Friday, December 21, 2012

Pilot Review: Deception

Deception (Mondays at 10:00 on NBC; Premieres January 7)

On the one hand, I'm already totally hooked on Deception. It's a melting pot of a lot of successful, enjoyable shows (mostly Revenge and Law & Order: SVU) but with its own feeling. On the other hand, it's ham-fisted and predictable.

Vivian Bowers (Bree Williamson, One Life to Live) is dead from an apparent drug overdose. But during the investigation, it becomes obvious that a lot of people had a lot of reasons for wanting her dead; the FBI has been investigating the Bowers family, particularly patriarch Robert (Victor Garber, Alias), and their lucrative pharmaceutical company for years. To get to the bottom of what really happened to Vivian, as well as to expose the Bowers' fraudulence, they send in San Francisco police officer Joanna (Meagan Good, Eve's Bayou, D.E.B.S.) undercover. Joanna grew up with the Bowers family and was Vivian's best friend until one night when a teenage Vivian tries to run away and Joanna stops her. Set up with her old partner and lover (Laz Alonso, Breakout Kings), Joanna falls easily back into her role as the Bowers' charity case, reigniting a long-lost spark with Vivian's brother Julian (Wes Brown, True Blood) and the anger of her brother Edward (Tate Donovan, Argo). As the case gets more complicated and more family secrets are exposed, Joanna's job of finding Vivian's murderer becomes more dangerous.

The whole thing begins almost identically to Revenge with a curious stranger following Vivian to her car, her recognizing him and inviting him to climb in, then smash cutting to her dead in a motel. Then the primary plotline is put in motion, but everything is actually moving backward to figure out how we got to this point. It's nowhere near as salacious as Revenge, but it's handled decently and manages to be entertaining in its own right. I'm fascinated by the fact that Joanna is black, and I don't know why; perhaps because it's so rare to see strong women on TV, let alone strong, single black women. According to information released by NBC, Joanna is the daughter of the Bowers' maid but from what I can remember that's never mentioned. There's actually a lot of withheld information, and it's kind of obnoxious in the way that you know there's something missing but can tell they're not telling you what it is because it's going to be a "revel" somewhere down the line. There is such a moment in the pilot, and I saw it coming a mile away because this tactic is used. We see Joanna and Vivian as teenagers, the latter talking about escape, intercut with conversations with the youngest Bowers, Mia (Ella Rae Peck, Gossip Girl). The creators make it obvious, at least to me, where it's going.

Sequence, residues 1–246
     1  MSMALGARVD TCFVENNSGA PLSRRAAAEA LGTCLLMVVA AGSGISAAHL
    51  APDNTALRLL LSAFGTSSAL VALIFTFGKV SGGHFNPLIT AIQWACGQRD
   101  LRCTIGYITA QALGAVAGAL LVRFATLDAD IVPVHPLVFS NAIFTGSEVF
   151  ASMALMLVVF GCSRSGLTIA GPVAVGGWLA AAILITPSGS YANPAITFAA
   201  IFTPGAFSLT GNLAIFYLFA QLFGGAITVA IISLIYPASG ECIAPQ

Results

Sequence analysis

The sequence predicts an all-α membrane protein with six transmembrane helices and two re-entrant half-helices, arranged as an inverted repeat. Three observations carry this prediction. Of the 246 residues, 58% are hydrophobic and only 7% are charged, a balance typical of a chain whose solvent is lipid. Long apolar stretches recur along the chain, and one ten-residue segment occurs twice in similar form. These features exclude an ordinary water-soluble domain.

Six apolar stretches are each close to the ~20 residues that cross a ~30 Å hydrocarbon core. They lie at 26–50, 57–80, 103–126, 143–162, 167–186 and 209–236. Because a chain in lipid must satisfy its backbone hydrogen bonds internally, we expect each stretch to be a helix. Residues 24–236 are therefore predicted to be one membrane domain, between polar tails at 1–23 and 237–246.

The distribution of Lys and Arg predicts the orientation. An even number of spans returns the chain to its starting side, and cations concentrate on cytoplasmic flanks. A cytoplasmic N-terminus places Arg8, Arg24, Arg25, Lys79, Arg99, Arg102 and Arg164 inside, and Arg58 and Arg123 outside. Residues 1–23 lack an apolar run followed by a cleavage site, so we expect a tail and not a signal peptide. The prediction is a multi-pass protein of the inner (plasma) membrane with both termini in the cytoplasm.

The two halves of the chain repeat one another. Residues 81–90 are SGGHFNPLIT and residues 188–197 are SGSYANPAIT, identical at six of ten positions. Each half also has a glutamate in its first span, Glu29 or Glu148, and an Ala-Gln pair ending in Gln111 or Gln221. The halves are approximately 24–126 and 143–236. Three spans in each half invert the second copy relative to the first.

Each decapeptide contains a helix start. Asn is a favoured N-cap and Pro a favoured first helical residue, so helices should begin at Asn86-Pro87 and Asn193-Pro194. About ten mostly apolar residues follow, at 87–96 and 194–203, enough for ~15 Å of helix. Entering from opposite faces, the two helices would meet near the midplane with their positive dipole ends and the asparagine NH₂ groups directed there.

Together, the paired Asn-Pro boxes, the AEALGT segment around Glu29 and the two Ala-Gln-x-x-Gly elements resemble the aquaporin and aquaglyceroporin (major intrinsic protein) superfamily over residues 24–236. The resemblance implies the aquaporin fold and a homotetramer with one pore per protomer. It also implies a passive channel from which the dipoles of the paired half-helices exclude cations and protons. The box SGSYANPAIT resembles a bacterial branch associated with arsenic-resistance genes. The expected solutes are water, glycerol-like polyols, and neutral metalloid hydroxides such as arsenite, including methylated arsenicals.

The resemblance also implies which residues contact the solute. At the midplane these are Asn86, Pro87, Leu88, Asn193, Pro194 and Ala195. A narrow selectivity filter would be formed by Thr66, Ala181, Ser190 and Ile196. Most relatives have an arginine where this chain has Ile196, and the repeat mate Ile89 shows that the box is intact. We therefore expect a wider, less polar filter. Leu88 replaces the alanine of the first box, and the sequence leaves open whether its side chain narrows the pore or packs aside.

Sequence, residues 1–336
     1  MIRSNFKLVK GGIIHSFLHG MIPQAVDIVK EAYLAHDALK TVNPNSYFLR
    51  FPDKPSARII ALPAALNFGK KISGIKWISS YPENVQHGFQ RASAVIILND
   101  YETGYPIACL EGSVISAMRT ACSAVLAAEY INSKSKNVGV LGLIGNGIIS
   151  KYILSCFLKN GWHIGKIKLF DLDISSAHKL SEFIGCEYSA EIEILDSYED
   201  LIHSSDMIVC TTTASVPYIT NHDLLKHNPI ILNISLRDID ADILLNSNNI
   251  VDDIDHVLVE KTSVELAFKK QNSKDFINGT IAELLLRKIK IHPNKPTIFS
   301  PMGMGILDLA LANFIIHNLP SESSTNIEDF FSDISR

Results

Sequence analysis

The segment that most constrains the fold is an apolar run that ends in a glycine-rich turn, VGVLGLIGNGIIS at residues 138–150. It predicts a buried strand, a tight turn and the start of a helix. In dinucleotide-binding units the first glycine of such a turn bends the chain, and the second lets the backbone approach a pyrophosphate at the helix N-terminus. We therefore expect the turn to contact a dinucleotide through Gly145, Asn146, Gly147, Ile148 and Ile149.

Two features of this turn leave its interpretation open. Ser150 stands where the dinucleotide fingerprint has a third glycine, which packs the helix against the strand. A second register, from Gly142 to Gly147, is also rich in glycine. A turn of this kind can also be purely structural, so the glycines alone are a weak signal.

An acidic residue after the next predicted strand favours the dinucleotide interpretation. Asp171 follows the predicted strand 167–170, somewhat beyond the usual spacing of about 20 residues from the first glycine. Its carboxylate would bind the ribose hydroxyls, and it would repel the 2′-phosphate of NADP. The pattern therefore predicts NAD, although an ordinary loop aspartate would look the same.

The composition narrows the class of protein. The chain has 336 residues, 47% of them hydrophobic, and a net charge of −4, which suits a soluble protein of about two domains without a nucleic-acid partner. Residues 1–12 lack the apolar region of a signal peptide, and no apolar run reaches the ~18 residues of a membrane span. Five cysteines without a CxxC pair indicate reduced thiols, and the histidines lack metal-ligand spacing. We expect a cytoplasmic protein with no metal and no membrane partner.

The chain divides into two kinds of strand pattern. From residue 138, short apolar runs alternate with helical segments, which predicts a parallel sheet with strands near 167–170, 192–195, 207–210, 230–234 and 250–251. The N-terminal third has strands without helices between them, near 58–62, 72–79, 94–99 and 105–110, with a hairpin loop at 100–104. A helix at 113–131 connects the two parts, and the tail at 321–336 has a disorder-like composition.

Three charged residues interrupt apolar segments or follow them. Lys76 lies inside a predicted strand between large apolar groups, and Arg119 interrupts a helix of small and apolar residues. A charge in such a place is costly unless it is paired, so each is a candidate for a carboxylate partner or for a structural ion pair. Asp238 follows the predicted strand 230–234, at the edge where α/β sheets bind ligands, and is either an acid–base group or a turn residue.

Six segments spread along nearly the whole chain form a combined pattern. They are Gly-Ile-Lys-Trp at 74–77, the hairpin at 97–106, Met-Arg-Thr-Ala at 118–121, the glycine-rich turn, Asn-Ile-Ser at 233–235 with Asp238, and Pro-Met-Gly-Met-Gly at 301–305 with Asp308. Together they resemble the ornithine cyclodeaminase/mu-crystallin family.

Creator Liz Heldens (Friday Night Lights) wrote a well-paced and pretty engrossing pilot, but it's things like this that hold Deception (formerly Infamous and Notorious at various stages of development) back a bit. The timeline also doesn't really match up. Meagan Good is decent as Joanna, but she does not look old enough to fit into the story... I did the math once and came up with her age being somewhere around 33-35, but because ages and time aren't really a concern in the pilot, I suppose she could be even five years younger than that. And that's a problem, considering the logic of a lot of the show lies in the history of this character. It's really a shame because Deception is really easy to get into, and it moves quickly enough with enough revelations and questions that I want to continue watching. But as a show, it's not terribly strong. Victor Garber is, predictably, the best part of the supporting ensemble, though it's not hard to be considering how weak many of the players are. Ella Rae Peck and Wes Brown are veterans of primetime soap operas, and they're bringing that campy melodrama style to a show that is otherwise taken seriously, (at least in the pilot). Upcoming episodes look increasingly more soapy, so that issue may resolve itself.

I'm so torn on Deception. I enjoyed myself, but I find that I've already forgotten most of what happened only two days after watching. Nothing all that special or great sticks out in my mind about it, but I have no doubt that I'll watch subsequent episodes when they air next month. It's a really fun way to spend an hour, even if it's not all that challenging or inventive. Sometimes that's what you need.

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